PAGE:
Separately, Plaintiff's fraudulent inducement claim alleges that Chase attempted to collect on a debt in which they had no interest. Aside from the fact that there is no obvious connection between a fraudulent inducement claim and Chase's attempt to foreclose on the Subject Property, Plaintiff lacks standing to challenge the alleged flaws in securitization because he has not shown, and he cannot plausibly allege, that "the alleged imperfection in the foreclosure process was prejudicial to [P]laintiff's interests." Fontenot v. Wells Fargo Bank, N.A., 198 Cal.App.4th 256, 272 (2011). Nothing about the mere substitution of one creditor for another interfered in any manner with Plaintiff's ability to make payments under the note. Id. Even assuming there are irregularities in any assignments of the debt, California law bars Plaintiff's claim because "the true victim was not the [P]laintiff but the original lender, which would have suffered the unauthorized loss of [the balance of the] promissory note." Id.; see also Bascos v. Fed. Home Loan Mort. Corp., 2011 WL 3157063, at *6 (C.D. Cal. 2011); Gilmore v. Am. Mortg. Network, 2012 WL 6193843, at *9 (C.D. Cal. 2012).

Because any amendment would be futile, Plaintiff's second and third causes of action are dismissed with prejudice.

C. Plaintiff's Fourth Claim for Intentional Infliction of Emotional Distress Fails

In his fourth cause of action, Plaintiff alleges that Defendants' conduct (including initiating the foreclosure process) has resulted in Plaintiff being threatened with the foreclosure of the Subject Property, which in turn has caused him extreme emotional distress.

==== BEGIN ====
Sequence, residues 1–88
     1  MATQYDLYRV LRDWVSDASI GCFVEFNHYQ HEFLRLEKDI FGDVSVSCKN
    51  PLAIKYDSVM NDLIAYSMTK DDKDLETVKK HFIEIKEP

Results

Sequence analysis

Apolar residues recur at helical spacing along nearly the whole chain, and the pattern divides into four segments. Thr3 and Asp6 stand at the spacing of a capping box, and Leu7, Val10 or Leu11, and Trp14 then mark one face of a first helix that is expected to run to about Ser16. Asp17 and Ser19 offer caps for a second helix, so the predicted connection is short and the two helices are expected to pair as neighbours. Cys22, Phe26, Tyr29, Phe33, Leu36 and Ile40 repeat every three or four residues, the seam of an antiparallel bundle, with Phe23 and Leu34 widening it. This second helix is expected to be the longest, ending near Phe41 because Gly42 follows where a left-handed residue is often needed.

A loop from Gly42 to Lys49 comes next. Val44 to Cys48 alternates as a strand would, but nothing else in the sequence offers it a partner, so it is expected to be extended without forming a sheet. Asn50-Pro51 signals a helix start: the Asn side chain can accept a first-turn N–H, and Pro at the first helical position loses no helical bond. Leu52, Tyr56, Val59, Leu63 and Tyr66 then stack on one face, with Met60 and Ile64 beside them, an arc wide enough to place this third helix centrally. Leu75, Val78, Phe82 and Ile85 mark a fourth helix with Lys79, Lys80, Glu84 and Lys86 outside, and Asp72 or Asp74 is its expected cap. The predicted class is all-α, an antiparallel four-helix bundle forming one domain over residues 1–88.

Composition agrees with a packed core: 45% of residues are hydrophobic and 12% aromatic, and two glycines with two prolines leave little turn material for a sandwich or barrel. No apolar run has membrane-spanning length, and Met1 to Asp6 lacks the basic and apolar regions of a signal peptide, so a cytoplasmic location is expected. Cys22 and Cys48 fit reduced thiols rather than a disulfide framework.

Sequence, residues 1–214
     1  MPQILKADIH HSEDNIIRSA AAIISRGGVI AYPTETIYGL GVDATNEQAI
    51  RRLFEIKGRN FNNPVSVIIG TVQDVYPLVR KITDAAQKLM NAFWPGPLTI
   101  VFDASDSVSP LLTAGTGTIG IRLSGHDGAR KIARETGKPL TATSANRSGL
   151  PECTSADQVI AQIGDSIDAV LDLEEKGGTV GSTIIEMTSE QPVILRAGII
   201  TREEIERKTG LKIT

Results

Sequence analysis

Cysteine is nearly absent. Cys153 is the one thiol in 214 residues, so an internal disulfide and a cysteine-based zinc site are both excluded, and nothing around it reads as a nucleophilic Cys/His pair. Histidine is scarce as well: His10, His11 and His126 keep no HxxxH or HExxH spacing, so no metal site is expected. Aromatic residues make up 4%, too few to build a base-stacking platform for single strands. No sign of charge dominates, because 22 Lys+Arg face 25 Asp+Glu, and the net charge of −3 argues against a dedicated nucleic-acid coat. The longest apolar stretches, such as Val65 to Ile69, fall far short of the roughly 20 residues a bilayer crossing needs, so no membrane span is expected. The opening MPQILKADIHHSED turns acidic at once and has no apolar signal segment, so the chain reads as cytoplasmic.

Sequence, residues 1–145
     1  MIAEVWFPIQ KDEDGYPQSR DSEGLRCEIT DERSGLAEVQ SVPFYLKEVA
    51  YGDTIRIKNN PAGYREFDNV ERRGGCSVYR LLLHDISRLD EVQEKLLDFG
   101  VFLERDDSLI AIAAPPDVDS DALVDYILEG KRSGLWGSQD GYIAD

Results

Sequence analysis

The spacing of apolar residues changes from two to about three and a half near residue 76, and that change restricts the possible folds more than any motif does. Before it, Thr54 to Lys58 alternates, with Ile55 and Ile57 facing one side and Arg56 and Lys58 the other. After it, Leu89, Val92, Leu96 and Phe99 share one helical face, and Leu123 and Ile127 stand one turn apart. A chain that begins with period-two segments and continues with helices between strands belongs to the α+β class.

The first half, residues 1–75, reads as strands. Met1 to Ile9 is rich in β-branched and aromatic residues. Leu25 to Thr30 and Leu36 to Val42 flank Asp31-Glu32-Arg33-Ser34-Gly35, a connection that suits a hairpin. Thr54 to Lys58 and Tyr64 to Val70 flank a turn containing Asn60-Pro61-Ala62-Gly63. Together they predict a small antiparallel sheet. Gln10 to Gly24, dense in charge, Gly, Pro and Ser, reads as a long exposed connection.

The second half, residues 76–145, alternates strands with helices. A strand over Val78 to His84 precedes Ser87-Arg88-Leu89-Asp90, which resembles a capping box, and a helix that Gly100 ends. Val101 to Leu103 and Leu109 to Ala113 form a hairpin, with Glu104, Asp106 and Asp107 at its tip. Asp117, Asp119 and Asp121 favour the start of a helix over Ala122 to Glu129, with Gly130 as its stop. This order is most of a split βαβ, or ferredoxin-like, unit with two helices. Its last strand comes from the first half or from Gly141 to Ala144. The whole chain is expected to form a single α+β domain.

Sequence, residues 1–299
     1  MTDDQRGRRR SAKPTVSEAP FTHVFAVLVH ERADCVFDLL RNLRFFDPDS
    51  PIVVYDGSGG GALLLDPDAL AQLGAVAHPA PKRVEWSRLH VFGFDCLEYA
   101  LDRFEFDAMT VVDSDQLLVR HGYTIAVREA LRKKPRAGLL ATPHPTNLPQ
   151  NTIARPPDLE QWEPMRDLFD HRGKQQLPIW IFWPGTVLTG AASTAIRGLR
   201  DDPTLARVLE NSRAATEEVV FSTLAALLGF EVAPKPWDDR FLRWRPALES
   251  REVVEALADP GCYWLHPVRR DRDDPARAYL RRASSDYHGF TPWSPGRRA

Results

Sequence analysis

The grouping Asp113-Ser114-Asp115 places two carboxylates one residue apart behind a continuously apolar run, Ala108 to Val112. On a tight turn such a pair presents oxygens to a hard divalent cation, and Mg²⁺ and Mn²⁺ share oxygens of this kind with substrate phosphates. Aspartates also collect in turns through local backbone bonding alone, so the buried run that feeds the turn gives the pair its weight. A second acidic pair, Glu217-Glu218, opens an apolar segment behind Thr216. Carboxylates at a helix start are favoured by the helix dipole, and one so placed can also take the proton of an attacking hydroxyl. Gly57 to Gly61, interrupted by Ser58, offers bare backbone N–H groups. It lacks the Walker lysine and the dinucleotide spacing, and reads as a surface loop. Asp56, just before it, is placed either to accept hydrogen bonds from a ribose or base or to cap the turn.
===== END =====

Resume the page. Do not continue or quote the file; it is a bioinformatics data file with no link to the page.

A cause of action for Intentional Infliction of Emotional Distress ("IIED") requires a plaintiff to allege the following: "(1) the defendant engaged in extreme and outrageous conduct with the intention of causing, or reckless disregard of the probability of causing, severe emotional distress to the plaintiff; (2) the plaintiff actually suffered severe or extreme emotional distress; and (3) the outrageous conduct was the actual and proximate cause of the emotional distress." Ross v. Creel Printing & Publ'g Co., 100 Cal.App.4th 736, 744-45 (2002). According to Plaintiff's complaint, Defendants allegedly engaged in outrageous conduct that caused him severe emotional distress when they made false statements in the Notice of Default (apparently with respect to how Plaintiff defaulted on the loan) and "fraudulently" initiated the foreclosure proceedings. ( See Compl., ¶¶ 79, 84.) A review of the Notices of Default and Trustee's Sale ( see RJN Exhibits 6-7) indicate statutory compliance with the procedures set forth in California Civil Code sections 2924 et seq., which detail the legal requirements of a valid foreclosure sale, and Plaintiff does not otherwise identify any false statements in the documents. Further, California law precludes Plaintiff's IIED claim because "foreclosing on a home (absent other circumstances) is not the kind of extreme conduct that supports an intentional infliction of emotional distress claim." Quinteros v. Aurora Loan Services, 740 F.Supp.2d 1163, 1172 (E.D. Cal. 2010). Since Plaintiff has failed to plead adequate facts to plausibly state a claim for IIED, Plaintiff's fourth cause of action is dismissed. However, because it is possible for Plaintiff to allege additional facts that would allow him to plausibly state his IIED claim, the defects of Plaintiff's fourth cause of action may be cured by amendment. Accordingly, Plaintiff's fourth cause of action is dismissed without prejudice.

D. Plaintiff's Fifth Claim for Slander of Title Fails